Lorraine Van der Weide, SAS Institute, discussed the benefits of the SAS Intelligence Layer product. She highlighted the need for organisations to consider their information architecture, understand customers through data mining, and the importance of customer relationship management.

Geoff Rothfield, Senior Analyst Office of Strategic Crime Assessments, looked at law enforcement implications of new technologies. There is an expected slowdown in technology over the next five years with technology consolidating in its existing form. There will be a shift in the Information and Communications sector in business reengineering, reprioritising of resources, enhanced mobile functionality, and increased data transmission capacity. There will be the emergence of new technologies such as biotechnology and nanotechnology. There will also be the integration of technology to address risks and maximise benefits in law enforcement agencies.

Jeff Penrose, Australian Federal Police, discussed the AFP's intelligence processes. He highlighted the aspects of a new criminal environment and their use of intelligence, global alliances, and new technologies. The AFP is being intelligence led with four objectives: identify and develop high value criminal targets; determine and formulate operational priorities and strategies; support corporate policy and planning processes; and provide assistance to Government and law enforcement partners.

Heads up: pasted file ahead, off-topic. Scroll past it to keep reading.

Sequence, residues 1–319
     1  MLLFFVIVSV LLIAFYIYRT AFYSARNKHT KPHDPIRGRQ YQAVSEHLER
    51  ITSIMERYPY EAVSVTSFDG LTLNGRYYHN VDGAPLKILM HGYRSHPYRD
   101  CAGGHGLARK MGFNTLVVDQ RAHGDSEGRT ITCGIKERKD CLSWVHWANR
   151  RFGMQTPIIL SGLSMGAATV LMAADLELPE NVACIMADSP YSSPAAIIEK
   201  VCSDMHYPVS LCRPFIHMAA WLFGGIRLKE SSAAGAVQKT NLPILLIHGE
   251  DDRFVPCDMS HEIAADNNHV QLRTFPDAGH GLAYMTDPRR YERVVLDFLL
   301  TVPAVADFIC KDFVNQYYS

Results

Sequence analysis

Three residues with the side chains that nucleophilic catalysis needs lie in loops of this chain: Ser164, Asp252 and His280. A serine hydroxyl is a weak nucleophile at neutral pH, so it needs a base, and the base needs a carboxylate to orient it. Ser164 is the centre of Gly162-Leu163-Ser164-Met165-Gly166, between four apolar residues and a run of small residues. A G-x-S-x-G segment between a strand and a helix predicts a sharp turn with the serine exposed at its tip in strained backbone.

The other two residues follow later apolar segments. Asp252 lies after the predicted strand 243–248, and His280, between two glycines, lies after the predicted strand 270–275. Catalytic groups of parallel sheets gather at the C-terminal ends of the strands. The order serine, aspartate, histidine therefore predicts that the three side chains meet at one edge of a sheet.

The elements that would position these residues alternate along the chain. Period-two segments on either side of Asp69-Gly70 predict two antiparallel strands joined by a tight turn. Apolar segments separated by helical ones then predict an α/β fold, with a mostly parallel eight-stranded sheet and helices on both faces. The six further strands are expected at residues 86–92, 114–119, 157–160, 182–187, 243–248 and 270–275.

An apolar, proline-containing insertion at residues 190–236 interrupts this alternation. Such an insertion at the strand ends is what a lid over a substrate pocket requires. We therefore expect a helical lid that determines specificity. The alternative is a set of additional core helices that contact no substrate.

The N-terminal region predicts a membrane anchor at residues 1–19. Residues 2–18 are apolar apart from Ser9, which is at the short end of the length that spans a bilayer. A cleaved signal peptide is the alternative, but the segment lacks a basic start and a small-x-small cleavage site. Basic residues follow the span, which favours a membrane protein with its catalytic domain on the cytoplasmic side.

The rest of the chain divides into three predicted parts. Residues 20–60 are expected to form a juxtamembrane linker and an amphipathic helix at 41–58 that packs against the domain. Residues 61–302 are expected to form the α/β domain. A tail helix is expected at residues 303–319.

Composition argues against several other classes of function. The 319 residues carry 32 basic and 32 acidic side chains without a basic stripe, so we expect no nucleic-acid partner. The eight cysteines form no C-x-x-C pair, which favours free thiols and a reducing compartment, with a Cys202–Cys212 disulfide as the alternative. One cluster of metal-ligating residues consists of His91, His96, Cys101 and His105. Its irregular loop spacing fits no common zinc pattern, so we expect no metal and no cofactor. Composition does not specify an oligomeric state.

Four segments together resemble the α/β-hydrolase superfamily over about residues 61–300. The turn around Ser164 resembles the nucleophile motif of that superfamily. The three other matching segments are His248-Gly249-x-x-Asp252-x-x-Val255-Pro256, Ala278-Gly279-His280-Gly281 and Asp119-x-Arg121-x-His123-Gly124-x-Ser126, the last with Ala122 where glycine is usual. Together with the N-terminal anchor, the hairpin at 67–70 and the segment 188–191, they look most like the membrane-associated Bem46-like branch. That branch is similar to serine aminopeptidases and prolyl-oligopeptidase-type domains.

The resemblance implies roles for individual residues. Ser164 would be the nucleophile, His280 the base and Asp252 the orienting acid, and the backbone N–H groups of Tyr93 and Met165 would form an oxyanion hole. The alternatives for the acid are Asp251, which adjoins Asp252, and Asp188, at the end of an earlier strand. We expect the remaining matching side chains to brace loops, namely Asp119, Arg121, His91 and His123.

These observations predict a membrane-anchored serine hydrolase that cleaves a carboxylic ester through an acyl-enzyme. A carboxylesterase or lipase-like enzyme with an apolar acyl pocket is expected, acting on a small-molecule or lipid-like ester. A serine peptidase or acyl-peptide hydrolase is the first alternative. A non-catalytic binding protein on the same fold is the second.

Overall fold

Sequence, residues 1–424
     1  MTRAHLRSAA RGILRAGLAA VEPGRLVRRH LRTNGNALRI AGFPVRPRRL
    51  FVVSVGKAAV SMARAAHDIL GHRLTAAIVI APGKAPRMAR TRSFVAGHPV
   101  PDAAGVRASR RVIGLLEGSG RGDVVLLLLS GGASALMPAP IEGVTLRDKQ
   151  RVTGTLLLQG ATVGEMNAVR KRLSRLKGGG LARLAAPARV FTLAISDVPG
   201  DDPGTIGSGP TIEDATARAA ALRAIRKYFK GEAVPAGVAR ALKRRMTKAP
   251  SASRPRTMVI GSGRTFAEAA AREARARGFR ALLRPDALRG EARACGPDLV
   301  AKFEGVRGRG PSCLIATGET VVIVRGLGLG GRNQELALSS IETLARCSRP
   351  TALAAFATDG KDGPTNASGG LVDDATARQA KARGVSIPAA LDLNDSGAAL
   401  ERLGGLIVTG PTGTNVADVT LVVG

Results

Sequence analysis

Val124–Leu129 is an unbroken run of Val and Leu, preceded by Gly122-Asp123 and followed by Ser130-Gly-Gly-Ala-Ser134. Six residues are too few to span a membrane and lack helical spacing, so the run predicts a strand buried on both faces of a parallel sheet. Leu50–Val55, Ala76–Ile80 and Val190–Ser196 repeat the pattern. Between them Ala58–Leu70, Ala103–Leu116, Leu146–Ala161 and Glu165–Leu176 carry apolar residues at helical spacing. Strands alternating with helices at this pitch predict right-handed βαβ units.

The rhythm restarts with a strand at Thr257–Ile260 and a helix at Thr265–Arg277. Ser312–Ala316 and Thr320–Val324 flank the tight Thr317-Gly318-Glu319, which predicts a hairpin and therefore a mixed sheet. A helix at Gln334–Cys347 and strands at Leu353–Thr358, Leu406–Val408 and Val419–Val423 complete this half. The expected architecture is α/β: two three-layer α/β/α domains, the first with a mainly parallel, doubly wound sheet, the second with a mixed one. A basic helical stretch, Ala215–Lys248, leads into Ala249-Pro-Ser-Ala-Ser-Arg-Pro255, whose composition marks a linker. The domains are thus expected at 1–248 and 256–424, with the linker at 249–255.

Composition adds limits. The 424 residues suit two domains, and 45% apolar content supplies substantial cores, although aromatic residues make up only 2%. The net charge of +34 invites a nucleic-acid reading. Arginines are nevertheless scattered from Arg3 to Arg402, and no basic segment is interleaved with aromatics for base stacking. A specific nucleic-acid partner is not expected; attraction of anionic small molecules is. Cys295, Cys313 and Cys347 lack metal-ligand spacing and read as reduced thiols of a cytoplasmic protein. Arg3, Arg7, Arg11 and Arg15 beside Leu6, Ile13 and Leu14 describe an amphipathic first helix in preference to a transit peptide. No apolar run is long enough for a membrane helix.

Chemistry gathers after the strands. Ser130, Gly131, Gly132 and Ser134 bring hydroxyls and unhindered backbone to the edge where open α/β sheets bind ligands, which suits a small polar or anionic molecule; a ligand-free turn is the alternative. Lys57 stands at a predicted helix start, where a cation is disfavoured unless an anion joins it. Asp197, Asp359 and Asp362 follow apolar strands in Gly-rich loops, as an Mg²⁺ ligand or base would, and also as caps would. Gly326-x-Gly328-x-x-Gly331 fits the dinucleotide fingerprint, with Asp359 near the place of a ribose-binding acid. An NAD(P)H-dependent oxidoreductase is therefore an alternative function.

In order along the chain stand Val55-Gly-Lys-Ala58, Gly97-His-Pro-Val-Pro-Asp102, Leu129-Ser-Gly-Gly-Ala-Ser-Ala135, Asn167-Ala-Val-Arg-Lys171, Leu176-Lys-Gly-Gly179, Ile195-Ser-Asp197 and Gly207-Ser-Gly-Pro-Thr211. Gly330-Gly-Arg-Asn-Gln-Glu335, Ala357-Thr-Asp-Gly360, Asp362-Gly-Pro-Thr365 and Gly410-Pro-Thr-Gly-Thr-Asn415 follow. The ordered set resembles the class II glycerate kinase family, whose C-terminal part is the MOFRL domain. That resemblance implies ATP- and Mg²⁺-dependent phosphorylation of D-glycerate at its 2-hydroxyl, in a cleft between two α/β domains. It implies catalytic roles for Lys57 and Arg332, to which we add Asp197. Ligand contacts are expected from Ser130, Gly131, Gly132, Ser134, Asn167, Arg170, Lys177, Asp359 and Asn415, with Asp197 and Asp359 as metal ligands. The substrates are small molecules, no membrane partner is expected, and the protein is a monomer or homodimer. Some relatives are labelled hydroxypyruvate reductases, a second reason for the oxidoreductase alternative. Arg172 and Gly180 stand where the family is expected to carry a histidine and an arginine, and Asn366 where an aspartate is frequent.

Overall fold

Jonathan Mobbs, CEO Crimtrac Agency, presented an overview of his agency, and the electronic law enforcement technologies in use there.

Steven James, CEO ITAC Security, gave an entertaining presentation on hacker intelligence. He looked at the hacker culture and the rise through the ranks of lamer to elite. Following a review of various hacker groups, people, and exploits he presented a hack attack framework. This framework consisted of a number of steps being 1: Select target. 2: Identify information, components, and active ports. 3: Cross-reference and run exploits. 4: Compromise. 5: Extend levels of access, leave backdoor/s, and manipulate audit trails. He went on to point out that business needs must drive security agendas, and that security should enable not hinder.

Steve Tregarthen, Senior Manager KPMG, discussed the issue of Corporate Intelligence which he defined as "the collection and analysis of public information that has strategic value". Corporations need to be aware of who they are dealing with, and the associated risks and threats (not just in the traditional way either, eg. is Company X harmful to the environment?). He went on to list a number of open source channels available for finding information about individuals, including global newspaper databases, credit background checks, criminal records, personal assets, and company and directorship information. He also detailed the necessity of understanding the different ways and means for obtaining information in different countries.

One of the workshops for Day Two was held by Jason Brown, Director General of Safety, Compensation and People Development, and focused on a "Code of Ethics" for the intelligence profession. Brett Peppler, Intelligent Futures, held the other workshop, dealing with knowledge mapping.